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Tuesday, 13 November, 2001, 17:20 GMT
Afghan women find new freedom
Charikar, 35 km north of Kabul
Most women in Alliance areas already choose to wear the burqa
By the BBC's Louise Hidalgo

The Northern Alliance has announced that women in Afghanistan can now go back to work, and girls can go to school - activities that were banned by the Taleban.

A statement issued in Kabul said all Afghan women had the right to pursue education and work in accordance with Islamic teaching and Afghanistan's honourable traditions.

Jamila Mujahid, Afghan newscaster, announcing the fall of Kabul
The first woman to broadcast in Afghanistan for five years
And women in Kabul have already begun tearing off the veils they were forced to wear by the ruling militia.

The treatment of women was one of the issues for which the Taleban became most notorious.

The Northern Alliance, on the other hand, has made much of its record on women's rights. But has this just been anti-Taleban propaganda?

Living in fear

The Taleban always treated Kabul - a relatively sophisticated city - with great harshness. The religious police were particularly strict in the way they enforced their punishments.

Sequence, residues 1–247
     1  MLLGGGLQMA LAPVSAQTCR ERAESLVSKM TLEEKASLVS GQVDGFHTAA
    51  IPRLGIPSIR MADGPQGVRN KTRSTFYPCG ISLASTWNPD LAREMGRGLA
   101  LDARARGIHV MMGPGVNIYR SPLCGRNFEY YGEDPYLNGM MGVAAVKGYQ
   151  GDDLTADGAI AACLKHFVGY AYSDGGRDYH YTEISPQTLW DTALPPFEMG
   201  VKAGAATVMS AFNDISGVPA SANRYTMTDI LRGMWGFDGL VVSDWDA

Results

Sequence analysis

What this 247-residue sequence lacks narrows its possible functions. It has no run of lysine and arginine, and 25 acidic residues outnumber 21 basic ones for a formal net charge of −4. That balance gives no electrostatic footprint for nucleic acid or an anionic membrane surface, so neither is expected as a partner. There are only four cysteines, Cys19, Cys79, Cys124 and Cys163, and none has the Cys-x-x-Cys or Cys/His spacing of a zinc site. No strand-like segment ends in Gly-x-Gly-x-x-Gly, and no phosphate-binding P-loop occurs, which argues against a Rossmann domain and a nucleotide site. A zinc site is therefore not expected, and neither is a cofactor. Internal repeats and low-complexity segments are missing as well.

For a woman failing to wear the all-encompassing cloak, the burqa, correctly, the penalty was a public flogging.

A man has his beard shaved in Kabul
The retreat of the Taleban means new freedom for men too
Yet even in the few areas of Afghanistan which, until a few days ago, the Northern Alliance controlled, most women still choose to wear the burqa. This is a deeply conservative - and patriarchal - culture.

But, unlike in Taleban areas, women say it is tradition - not government pressure - that has made them cover themselves from head to foot.

Limited opportunities

At least, though, under Northern Alliance control, women have been able to work, even if the jobs they have been able to choose from are limited - teaching, for example, or working as a midwife.

Under the Taleban, by contrast, women have been largely confined to their homes, squeezed out of every aspect of public life.

Already, people in the northern city of Mazaar-e-Sharif have been celebrating what they hope, with the arrival of the Northern Alliance, will be the re-opening of girls' schools, for the first time in three years.

It may be that most girls leave school in their early teens to get married. But at least, they say, more liberal families will have the choice to keep their older girls on in education. A fortunate few may even go onto university.

See also:

25 Oct 01 | South Asia
Afghan women speak out
16 Oct 01 | From Our Own Correspondent
Afghan women's life in the shadows
17 May 01 | South Asia
'Liberty' for Afghan women
23 Mar 01 | South Asia
Afghan feminists go online
13 Nov 01 | South Asia
Analysis: The Taleban collapse
13 Nov 01 | South Asia
In pictures: Opposition takes Kabul
19 Sep 01 | South Asia
Who are the Taleban?
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